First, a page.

I truly believe you should count yourself lucky if you find yourself in those larger than life shoes of the entrepreneur, but the entrepreneurial journey is not designed for just anyone.
The journey in most cases started with a dissatisfaction of not getting your way in the corporate you worked for. Maybe an anal boss pushed you away (let me not become this). Maybe retrenchment. Maybe retirement. Maybe you just wanted to solve a problem.
So, more than likely, the journey started on a rough patch. Sacrifices were made, then more sacrifices were made and then, more.
Yet all the while the light at the end of the tunnel seemed microscopic.
You were tenacious and you pursued your entrepreneurial cause. In the back of your mind you were wondering: “When am I getting my break? Any break will do!”
The break did not come when you expected it, but eventually it came. Things moved on smoothly for a while and life was good. Good clients. Good cash-flow. Good business. Life was blissful!
Then things began to slide. Customers did not pay, complaints from staff about other staff, you dug into your mortgage bond for moral support.
And things could not have been worse, but you knew your capabilities and slogged to get out of the trough you were in. Then suddenly: Tadaaa! This is what you signed up for. You realised: this is the entrepreneurial journey. Continuous ups and downs, peaks and troughs. Believe me, you’re not alone. Most entrepreneurs will immediately identify with this. You put one step forward but get knocked three steps back.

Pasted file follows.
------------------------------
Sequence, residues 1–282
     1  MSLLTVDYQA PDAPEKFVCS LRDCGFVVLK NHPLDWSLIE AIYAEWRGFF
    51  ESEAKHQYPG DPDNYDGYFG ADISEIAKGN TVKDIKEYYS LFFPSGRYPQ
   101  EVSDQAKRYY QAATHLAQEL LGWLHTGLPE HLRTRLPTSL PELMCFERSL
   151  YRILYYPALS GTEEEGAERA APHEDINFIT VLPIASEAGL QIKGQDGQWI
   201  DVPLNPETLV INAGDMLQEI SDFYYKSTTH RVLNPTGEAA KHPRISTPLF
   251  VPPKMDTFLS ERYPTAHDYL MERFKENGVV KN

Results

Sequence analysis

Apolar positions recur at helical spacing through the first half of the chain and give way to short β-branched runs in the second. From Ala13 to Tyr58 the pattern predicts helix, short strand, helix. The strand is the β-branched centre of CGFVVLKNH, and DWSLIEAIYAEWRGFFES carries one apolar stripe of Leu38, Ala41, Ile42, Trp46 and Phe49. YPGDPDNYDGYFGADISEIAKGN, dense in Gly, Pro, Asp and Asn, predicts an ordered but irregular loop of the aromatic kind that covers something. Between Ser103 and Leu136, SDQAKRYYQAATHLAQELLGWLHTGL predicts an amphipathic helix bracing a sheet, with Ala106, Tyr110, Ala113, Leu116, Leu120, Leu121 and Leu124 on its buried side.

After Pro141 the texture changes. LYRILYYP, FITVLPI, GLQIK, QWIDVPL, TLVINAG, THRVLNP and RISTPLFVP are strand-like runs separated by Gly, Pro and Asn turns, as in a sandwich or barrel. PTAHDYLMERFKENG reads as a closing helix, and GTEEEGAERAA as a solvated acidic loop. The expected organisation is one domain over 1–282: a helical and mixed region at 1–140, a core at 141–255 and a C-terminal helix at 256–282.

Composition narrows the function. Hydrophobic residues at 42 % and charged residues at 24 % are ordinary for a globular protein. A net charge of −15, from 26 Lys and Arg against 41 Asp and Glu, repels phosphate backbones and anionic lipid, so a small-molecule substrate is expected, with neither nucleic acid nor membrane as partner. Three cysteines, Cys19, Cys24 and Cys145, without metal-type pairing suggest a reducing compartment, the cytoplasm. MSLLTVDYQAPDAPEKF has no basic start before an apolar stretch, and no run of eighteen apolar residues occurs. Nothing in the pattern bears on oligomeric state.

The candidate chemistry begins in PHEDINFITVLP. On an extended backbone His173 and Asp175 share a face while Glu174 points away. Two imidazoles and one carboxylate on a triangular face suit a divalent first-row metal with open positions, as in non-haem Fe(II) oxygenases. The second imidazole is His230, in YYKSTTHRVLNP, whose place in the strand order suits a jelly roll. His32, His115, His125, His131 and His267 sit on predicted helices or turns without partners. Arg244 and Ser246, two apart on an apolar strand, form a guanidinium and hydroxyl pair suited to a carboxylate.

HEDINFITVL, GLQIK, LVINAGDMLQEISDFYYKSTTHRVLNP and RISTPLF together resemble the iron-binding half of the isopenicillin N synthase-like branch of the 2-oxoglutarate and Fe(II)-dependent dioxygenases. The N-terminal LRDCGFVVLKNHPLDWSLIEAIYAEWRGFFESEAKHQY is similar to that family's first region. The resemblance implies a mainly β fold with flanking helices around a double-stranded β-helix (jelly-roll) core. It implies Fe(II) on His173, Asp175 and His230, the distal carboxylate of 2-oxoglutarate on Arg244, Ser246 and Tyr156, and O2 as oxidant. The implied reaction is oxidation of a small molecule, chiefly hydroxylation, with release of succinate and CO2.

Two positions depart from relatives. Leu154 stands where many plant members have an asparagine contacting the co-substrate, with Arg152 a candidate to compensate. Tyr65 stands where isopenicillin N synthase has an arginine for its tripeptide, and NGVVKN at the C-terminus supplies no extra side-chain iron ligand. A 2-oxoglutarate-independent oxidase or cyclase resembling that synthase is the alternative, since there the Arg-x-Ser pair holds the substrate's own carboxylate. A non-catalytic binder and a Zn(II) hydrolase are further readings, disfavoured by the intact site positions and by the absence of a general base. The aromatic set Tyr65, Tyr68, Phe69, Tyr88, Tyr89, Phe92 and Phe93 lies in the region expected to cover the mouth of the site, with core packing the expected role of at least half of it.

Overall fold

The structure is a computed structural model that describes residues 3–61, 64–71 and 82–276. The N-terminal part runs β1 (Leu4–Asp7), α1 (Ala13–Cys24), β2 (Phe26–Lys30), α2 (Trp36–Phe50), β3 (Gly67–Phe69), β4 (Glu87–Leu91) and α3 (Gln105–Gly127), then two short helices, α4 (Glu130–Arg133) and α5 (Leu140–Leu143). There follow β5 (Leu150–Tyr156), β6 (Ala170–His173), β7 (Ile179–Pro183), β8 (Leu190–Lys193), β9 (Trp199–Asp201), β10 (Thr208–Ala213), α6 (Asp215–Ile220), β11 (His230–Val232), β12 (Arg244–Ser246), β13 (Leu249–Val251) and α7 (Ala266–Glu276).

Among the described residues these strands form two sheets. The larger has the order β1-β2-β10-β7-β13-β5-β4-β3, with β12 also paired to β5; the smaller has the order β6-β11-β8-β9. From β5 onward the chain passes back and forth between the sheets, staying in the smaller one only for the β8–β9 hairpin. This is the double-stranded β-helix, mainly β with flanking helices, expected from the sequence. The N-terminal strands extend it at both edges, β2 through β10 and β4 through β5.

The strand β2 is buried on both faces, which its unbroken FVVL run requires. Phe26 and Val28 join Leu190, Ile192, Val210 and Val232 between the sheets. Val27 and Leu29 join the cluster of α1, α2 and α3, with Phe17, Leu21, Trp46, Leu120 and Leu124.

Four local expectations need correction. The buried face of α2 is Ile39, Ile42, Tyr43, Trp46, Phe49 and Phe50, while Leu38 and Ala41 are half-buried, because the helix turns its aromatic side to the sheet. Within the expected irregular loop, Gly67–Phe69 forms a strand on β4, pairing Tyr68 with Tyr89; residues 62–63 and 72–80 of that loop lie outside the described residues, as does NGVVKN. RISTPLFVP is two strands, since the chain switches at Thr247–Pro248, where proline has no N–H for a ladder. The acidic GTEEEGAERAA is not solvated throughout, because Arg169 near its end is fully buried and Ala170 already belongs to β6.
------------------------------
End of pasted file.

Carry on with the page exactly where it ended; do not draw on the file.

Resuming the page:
Entrepreneurship is not smooth sailing all the time. You will have downturns, I guarantee you this. But in the same breath, I guarantee you will swing up again if you stick at it.
Prepare mentally for these wild ups and downs. Most entrepreneurs go into a state of despair when things go down and life as it were crumbles. Often the effects of a downturn are catastrophic on a business. As an entrepreneur you are not immune to these fluctuations, even the most successful entrepreneurs have experienced the ebb and flow of business.
The reality check is that your business will experience difficulties. In winter you know that you will most likely catch a cold, so you can either wait for the cold or prop yourself up with vitamin C. When the bug strikes your body already has the defensive strategy in place, so recovery time is much quicker.
So, in order to weather the inevitable business winter, here’s one takeout from this article that I implore you to retain: develop a financial buffer of 6 months of your overhead cost. This may take some time to do. Attempt to reduce you expenditure by 20% every month, so when the downturn strikes you can quickly adapt to lean mode. Test concepts or new business ideas with contract staff first before you offer permanent employment. Ask your banker for a loan or overdraft facility when times are good. You will need it.
Doctor’s orders! Start now with your Vitamin C pills to prevent that nasty cold. Your business health will show for it.